Eph. 6:4 Fathers, don’t stir up anger in your children, but bring them up in the training and instruction of the Lord.

Paul, turning to the proper discipline of children, aims directly at men, God’s ordained family leaders. Christian men cannot abdicate child-rearing to women, for God holds fathers primarily responsible for the training of children.

Unfortunately, America has moved toward being a matriarchal society with regard to child-rearing. We too often let men abdicate their rightful role.

This absence of dads spells serious trouble in America. Fatherlessness is the piston, the driving force, impelling most of our social problems.

Some 70% of juveniles in long-term correctional facilities, 80% of drug dealers, and 80% of convicted felons, grew up apart from fathers. Children in single-parent families are six times as likely to be poor, three times as likely to have emotional and behavioral problems, more likely to drop out of school, be expelled from school, get pregnant as teens, or be in trouble with the law. Unless the trend can be reversed, our social nightmare will become ever scarier.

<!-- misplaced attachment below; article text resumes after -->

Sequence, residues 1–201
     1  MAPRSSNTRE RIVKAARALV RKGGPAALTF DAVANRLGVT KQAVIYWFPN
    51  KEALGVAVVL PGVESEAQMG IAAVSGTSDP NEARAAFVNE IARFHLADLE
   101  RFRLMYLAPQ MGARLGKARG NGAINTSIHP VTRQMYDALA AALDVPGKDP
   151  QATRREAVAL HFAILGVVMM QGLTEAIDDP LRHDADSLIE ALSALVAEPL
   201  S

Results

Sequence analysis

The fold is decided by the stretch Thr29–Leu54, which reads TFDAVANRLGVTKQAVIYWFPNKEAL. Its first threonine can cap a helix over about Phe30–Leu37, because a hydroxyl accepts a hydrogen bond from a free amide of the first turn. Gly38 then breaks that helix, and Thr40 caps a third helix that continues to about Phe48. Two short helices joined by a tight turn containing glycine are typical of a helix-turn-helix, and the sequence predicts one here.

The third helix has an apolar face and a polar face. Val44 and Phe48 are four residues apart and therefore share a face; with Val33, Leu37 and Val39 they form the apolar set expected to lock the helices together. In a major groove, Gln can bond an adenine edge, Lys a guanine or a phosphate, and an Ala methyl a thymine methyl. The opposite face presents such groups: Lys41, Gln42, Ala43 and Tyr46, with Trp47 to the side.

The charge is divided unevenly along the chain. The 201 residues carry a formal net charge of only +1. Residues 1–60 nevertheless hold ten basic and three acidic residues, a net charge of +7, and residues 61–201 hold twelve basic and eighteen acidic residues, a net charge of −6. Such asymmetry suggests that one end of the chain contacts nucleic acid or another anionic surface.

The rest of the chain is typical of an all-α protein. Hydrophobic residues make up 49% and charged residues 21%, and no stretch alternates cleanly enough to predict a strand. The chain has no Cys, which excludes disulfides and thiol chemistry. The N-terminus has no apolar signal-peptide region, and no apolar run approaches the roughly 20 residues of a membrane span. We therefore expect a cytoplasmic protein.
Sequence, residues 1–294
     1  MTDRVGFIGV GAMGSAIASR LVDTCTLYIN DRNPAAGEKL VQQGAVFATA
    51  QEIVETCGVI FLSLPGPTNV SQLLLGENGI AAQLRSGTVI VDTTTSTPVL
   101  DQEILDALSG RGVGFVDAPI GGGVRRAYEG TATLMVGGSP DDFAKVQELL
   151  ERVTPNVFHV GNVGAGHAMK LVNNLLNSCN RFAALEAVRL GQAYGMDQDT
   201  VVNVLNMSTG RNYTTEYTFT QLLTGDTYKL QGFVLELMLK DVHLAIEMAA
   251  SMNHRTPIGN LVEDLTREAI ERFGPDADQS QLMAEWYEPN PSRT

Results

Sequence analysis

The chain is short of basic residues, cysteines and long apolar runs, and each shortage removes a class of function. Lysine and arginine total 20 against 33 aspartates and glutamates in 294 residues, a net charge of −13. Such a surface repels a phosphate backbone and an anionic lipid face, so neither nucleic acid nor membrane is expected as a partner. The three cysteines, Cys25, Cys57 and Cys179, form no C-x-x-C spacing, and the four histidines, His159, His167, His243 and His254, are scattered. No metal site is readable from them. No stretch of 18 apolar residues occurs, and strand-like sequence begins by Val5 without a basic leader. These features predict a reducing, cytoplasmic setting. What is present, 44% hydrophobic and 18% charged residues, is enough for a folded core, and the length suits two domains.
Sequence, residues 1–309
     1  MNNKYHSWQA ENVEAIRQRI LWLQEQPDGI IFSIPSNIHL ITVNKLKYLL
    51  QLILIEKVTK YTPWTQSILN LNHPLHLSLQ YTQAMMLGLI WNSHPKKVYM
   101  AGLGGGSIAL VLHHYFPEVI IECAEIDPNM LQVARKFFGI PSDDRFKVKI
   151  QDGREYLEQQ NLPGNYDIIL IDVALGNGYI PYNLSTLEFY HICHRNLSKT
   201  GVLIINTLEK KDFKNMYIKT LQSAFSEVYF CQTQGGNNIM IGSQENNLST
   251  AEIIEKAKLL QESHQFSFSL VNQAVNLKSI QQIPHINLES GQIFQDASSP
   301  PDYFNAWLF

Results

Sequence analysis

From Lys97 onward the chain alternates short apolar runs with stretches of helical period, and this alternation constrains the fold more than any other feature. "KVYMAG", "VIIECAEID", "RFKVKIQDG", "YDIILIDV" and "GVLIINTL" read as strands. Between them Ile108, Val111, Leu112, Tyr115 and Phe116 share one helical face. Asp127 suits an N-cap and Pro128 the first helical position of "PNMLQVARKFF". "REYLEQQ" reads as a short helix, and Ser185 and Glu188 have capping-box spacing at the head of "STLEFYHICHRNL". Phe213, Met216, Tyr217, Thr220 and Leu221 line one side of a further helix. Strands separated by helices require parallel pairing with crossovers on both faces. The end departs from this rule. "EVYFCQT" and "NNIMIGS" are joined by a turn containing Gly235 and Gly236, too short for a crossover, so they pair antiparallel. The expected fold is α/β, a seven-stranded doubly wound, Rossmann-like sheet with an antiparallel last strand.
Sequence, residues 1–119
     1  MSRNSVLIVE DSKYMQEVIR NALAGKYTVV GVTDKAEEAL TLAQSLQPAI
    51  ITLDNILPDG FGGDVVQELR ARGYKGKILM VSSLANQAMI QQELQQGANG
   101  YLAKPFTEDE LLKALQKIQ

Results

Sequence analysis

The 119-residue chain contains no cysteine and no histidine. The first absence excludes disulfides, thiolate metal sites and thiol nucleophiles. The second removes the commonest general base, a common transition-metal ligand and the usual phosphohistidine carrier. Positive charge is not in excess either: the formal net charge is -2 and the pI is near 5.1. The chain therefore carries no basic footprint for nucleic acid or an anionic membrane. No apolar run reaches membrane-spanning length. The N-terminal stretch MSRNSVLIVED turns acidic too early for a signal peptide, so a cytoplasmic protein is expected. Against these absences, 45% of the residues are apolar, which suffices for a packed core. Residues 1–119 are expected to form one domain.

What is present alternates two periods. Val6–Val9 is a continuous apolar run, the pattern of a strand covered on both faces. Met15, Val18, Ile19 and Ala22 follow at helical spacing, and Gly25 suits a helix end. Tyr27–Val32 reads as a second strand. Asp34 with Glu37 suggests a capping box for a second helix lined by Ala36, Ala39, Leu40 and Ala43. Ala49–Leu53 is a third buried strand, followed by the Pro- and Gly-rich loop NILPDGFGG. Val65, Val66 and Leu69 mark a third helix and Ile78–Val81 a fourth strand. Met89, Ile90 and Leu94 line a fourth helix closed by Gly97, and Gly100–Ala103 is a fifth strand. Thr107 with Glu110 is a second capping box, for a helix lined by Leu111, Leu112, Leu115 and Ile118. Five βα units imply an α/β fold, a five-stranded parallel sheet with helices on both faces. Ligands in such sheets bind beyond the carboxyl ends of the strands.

Dads, be present and careful. “Don’t stir up anger in your children.” Avoid harsh, cruel punishment that drives a child to inner bitterness and outer hostility. Our text is a safeguard. Parents do not have the right to act as they please toward a child. Scripture always handles authority/submission relationships with balance and fairness. God protects the submissive by forbidding harshness in those to whom He gives authority. Do discipline children, but not excessively.

“Don’t stir up anger in your children” with anger. Angry parents produce angry children. Children tend to imitate parents who lose control, throw temper fits, and punish too harshly. It is hard for children to learn self-control from parents not self-controlled. Disciplining during a temper fit does more harm than good.